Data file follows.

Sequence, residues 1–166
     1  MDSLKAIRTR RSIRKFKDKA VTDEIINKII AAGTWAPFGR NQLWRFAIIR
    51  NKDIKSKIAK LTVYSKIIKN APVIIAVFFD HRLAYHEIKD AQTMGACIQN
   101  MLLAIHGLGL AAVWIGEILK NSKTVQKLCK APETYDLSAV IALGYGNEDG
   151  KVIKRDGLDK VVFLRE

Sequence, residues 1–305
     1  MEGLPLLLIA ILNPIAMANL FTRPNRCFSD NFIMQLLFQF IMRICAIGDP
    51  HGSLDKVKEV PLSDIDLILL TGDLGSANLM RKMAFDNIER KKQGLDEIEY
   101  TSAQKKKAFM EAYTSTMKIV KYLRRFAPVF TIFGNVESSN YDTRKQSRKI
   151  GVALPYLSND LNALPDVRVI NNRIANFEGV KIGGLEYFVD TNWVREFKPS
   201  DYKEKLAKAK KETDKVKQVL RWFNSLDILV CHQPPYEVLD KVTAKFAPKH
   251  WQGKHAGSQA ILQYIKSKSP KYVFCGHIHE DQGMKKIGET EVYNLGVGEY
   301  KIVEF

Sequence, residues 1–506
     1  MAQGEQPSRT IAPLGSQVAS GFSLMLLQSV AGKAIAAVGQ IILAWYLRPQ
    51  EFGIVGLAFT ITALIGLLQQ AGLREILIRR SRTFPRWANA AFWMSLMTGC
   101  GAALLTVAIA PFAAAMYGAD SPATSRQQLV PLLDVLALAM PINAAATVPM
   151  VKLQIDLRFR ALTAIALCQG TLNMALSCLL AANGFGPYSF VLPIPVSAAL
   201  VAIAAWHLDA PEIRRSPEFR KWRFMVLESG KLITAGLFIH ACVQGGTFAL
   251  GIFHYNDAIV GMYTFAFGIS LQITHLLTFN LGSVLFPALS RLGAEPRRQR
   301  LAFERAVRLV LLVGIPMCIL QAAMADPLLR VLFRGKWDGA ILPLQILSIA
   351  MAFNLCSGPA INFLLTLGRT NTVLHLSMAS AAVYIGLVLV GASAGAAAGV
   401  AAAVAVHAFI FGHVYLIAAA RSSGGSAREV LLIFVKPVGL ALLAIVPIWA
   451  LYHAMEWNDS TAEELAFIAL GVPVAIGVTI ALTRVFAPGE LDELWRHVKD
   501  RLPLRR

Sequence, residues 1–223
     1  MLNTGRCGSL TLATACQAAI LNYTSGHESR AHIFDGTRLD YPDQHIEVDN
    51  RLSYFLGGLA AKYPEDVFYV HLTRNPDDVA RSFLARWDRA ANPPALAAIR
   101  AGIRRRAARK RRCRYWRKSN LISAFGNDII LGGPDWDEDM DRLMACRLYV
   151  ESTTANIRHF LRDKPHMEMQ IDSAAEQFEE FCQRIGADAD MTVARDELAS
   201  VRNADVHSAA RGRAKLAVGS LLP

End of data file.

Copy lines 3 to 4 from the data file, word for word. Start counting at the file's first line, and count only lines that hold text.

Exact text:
    51  NKDIKSKIAK LTVYSKIIKN APVIIAVFFD HRLAYHEIKD AQTMGACIQN
   101  MLLAIHGLGL AAVWIGEILK NSKTVQKLCK APETYDLSAV IALGYGNEDG